A South African court has allowed thousands of former mineworkers to proceed with a class action seeking damages from mining companies for lung diseases they contracted while working at their operations.
“Class action is the only realistic option through which most mineworkers can assert” their constitutional rights, Deputy Judge President Phineas Mojapelo said at the South Gauteng High Court in Johannesburg Friday. If it hadn’t been authorized, “impoverished, indigent workers won’t be able to access justice,” he said.
Current and former underground mineworkers who contracted silicosis and pulmonary tuberculosis constitute the class, as do families of employees who have died from the diseases, Mojapelo said. The judgment allows as many as 500,000 people to join a suit, he said. The action would sue 32 mining companies for damages caused by unsafe working practices, lawyers for the applicants say.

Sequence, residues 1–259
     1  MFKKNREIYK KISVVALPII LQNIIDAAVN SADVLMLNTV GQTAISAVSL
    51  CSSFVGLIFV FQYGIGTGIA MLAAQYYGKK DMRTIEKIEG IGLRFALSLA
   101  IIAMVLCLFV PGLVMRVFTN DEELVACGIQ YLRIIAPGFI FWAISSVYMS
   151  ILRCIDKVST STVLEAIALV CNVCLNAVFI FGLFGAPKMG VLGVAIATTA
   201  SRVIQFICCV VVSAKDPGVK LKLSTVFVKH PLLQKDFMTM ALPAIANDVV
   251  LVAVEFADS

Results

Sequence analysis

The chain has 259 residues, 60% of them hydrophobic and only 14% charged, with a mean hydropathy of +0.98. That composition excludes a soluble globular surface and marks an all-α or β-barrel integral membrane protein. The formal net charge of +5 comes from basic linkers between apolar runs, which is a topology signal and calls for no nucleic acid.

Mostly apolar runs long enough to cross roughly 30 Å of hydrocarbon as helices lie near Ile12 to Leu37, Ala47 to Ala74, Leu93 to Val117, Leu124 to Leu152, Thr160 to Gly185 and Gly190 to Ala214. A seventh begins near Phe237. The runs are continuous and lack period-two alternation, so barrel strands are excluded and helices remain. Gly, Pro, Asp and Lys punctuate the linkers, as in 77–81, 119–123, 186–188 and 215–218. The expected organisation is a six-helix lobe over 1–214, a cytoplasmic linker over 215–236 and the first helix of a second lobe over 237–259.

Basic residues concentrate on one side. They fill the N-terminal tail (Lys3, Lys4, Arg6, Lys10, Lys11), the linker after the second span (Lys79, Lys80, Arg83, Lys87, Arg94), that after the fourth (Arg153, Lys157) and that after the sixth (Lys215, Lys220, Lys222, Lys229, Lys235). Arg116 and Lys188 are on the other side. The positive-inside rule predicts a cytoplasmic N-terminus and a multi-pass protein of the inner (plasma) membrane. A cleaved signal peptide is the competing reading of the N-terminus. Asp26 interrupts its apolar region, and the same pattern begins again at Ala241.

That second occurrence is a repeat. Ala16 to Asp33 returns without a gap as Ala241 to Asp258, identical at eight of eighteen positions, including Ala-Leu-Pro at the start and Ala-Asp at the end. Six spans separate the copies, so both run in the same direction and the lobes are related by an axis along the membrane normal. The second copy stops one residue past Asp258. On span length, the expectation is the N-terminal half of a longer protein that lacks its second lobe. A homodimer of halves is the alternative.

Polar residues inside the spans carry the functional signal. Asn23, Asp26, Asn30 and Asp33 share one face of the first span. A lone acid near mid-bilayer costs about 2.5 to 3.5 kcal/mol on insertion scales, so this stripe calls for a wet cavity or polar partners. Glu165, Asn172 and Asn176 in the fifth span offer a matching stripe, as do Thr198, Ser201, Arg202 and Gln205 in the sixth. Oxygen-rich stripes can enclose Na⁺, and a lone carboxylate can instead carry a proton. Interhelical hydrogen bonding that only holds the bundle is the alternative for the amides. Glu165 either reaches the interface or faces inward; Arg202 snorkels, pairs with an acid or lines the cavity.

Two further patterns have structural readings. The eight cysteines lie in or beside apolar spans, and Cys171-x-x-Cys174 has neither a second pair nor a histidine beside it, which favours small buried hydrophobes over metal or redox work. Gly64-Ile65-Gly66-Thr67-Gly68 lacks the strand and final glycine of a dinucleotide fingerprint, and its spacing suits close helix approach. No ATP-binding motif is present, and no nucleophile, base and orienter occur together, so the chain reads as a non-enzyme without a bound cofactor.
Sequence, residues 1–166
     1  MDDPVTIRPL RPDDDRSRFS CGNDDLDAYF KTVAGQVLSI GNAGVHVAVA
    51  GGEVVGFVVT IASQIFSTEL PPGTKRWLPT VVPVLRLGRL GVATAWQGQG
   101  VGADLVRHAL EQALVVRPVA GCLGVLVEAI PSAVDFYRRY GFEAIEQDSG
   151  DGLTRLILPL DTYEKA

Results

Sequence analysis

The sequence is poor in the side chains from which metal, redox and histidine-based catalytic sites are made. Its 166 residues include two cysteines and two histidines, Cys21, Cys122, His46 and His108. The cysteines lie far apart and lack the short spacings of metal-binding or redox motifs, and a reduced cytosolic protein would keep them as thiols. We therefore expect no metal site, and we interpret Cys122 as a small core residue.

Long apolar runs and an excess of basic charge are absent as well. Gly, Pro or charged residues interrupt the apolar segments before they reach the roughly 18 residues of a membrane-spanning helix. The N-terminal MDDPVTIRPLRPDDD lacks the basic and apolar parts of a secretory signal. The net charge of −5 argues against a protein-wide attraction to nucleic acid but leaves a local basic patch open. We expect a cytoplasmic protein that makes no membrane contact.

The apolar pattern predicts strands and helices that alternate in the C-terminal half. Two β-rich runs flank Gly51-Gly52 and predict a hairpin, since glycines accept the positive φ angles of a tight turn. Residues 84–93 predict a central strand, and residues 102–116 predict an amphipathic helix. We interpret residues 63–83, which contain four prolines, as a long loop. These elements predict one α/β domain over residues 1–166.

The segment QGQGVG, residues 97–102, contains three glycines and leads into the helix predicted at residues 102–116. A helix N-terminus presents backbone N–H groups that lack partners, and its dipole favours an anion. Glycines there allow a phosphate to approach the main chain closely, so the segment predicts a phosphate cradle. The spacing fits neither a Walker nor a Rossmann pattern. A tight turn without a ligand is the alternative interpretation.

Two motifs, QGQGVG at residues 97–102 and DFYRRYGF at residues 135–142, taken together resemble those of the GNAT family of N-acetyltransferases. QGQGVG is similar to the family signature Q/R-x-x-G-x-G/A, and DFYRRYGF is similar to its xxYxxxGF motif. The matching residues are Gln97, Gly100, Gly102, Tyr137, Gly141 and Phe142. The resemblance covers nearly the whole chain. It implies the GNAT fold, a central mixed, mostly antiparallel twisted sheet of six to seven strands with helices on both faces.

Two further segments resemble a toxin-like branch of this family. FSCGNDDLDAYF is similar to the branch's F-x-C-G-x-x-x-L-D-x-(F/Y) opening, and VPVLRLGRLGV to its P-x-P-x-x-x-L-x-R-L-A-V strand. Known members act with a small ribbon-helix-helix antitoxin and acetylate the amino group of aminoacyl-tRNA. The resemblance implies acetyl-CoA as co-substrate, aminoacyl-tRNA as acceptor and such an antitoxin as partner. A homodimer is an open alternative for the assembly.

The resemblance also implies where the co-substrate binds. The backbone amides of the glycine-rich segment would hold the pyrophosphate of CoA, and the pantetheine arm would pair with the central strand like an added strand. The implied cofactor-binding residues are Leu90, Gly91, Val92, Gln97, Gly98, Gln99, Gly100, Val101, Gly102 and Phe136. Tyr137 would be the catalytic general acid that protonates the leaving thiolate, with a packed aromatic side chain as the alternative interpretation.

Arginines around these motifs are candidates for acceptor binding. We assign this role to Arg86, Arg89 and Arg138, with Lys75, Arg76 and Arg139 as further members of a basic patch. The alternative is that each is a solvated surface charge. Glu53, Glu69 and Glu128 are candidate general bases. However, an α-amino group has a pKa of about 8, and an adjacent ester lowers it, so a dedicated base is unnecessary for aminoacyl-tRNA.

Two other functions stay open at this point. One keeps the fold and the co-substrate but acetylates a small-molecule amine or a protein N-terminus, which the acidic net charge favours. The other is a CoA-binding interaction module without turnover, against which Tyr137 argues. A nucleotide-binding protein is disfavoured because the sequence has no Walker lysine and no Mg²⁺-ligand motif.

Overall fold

Silicosis, a lung disease caused by inhaling dust from mines, causes scar tissue in the lungs, increasing vulnerability to tuberculosis that can kill more than half of sufferers if not properly treated.
In a separate case, Anglo American Plc’s South African unit and AngloGold Ashanti Ltd. agreed to pay about 500 million rand ($33 million) to settle claims from 4,365 former employees who said they contracted dust-related lung diseases while working for the companies.
The two companies, together with Sibanye Gold Ltd., African Rainbow Minerals Ltd., Gold Fields Ltd. and Harmony Gold Mining Co. are studying the judgment and are pursuing a settlement out of court, said Alan Fine, a spokesman for the producers.
They “will decide individually whether to appeal,” he said.